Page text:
Yes the government is going to, as I put it ,”double-triple the issuance of sovereign debt”.

    Or do you think it’s scaremongering to pay attention to the chief executive of the body that issues our sovereign debt?

    http://www.ft.com/cms/s/0/65ceb218-e825-11dd-b2a5-0000779fd2ac,dwp_uuid=6997947c-a442-11dd-8104-000077b07658.html

  7. Rick says:

    But according to the article in your link, the chief executive of the body that issues our sovereign debt doesn’t think raising that money will be a problem.

  8. Robin says:

    The ability to sell the debt is not a function of the publically-voiced opinion of the head of the DMO.

    So my question stands, how can we possibly hope to triple our issuance of sovereign debt while countries that normally buy our debt are seeing their economies collapse (e.g. Japanese exports falling 35%)?

  9. john b says:

    Because they’ll buy our debt instead of the debt of more heavily indebted economies: Britain’s debt to gross domestic product ratio is forecast to rise to close to 60 per cent – nearly half that of Italy, and less than Germany and France.

  10. Robin says:

    So, a little role play:
    You work for the japanese goverment. Your countries biggest employers are bleeding because of the collapse in exports. You are getting no tax receipts because of a collapse in corporate profitability. Your country has suddenly shifted from being a country running both a trade and current account deficit to one in deficit on both counts.

    The value of your investments in UK sovereign debt are collapsing by the hour, already at less than 50% of the value they had 18 months ago.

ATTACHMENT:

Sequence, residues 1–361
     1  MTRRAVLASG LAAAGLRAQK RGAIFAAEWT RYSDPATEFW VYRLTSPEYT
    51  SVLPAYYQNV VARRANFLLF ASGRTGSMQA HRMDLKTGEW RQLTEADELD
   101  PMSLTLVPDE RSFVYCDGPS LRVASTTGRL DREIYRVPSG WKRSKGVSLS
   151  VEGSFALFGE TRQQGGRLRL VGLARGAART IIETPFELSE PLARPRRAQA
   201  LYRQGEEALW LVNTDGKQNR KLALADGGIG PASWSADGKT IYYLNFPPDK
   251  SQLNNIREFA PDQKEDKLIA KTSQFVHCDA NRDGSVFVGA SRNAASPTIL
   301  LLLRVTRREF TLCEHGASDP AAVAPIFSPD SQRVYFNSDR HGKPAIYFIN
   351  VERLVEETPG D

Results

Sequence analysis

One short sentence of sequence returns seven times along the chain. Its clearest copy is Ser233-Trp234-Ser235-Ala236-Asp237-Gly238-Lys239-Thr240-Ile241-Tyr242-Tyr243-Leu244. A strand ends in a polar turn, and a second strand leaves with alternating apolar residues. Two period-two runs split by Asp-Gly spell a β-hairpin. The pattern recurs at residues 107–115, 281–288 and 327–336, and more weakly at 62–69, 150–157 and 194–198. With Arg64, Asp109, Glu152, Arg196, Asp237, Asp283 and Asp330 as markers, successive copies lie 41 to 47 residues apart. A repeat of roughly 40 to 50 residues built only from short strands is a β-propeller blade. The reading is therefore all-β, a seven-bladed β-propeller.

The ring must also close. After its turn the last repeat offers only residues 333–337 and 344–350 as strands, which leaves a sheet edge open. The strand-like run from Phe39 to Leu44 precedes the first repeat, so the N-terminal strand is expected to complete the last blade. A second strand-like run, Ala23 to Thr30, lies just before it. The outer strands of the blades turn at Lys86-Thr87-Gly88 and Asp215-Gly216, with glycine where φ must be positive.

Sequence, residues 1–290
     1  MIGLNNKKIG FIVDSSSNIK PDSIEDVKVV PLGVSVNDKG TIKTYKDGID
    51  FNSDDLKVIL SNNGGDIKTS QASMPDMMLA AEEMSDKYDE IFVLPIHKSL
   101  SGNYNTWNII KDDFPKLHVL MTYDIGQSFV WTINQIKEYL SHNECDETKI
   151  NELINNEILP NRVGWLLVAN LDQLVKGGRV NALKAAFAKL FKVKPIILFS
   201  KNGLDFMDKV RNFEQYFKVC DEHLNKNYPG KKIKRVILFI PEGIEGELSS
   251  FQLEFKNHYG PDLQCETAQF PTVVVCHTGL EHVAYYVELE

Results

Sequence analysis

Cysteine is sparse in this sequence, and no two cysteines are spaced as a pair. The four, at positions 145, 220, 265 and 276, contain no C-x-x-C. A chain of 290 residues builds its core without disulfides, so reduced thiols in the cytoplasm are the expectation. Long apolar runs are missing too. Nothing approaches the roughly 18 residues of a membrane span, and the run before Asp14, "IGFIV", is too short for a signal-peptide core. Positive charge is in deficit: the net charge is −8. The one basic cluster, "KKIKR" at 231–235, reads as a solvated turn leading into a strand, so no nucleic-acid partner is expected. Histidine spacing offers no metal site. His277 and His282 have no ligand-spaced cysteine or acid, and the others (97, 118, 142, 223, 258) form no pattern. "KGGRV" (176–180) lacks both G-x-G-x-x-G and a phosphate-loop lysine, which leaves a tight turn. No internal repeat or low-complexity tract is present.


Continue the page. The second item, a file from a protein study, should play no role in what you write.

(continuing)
What do you do? Do you sell your UK gilts to plug a whole in one of the many holes in your economy, or do you buy 3 times as much of them?

  11. Robin says:

    Jesus, me fail english? Unpossible!

  12. john b says:

    I’m assuming *someone*’s running a surplus, because of that whole “definitionally true” thing. So if not Japan, then China or Indonesia or wherever.

  13. Robin says:

    Fair enough, but the collapse in the existing value of UK gilts is hardly going to encourage those that are running surpluses. I imagine that the careers of those that have been keen on buying UK gilts are not doing great right now.

    The summing to zero of balances of trade is definitionally true, but not the summing of current account balances, and I can see a straighter line between current account surpluses and the purchase of foreign government debt than I can with trade surpluses.

  14. Robin says:

    OK, so over the last 18 months, UK gilts bought in:

    Japanese Yen: Value of existing UK gilts has roughly halved.
    Indonesian Rupiah: Down by ~ 25%
    Chinese Yuan: Down by ~40%
    Brazlian Real: Down by ~20%
    Euro: Down by ~30%
    Australian Dollar: Down by ~16%

    In every one of these countries you have groups of people who have been charged with buying foreign debt over recent years. Within these groups, those who chose euro-denominated bonds will have been rewarded with praise and promotion, even if they just got lucky. Those who chose UK gilts will face derision and demotion. Hardly the backdrop for a tripling in the demand for UK debt.

    (I’ve picked these fairly randomly, and put down every one I looked at)

  15. john b says:

    No, because that isn’t how civil services work. In each of those countries, the people will have been told by the government “you must keep n% of reserves in gbp, q% in $”, etc. Nobody will have been held responsible for the decline in gbp reserves in the way you describe, because nobody had that discretion in the first place.

    The only question arising will have been, following the decline, whether the government cuts the gbp reserve requirement, or whether the bank buys more gbp-denominated debt to offset the decline in reserves. That depends on the expected future fall in the gbp, not in what’s already happened to it.

    If foreign governments think that a) the US$ will collapse because the economic fundamentals are even worse than in the UK and b) having the euro as their only developed-world currency reserve is risky given the small-but-real chance of the whole thing falling apart, then increasing gbp reserves while the gbp is low against other currencies is a far-from-stupid idea.

  16. Pingback: On the British Government’s solvency | SKY ROCK INDIA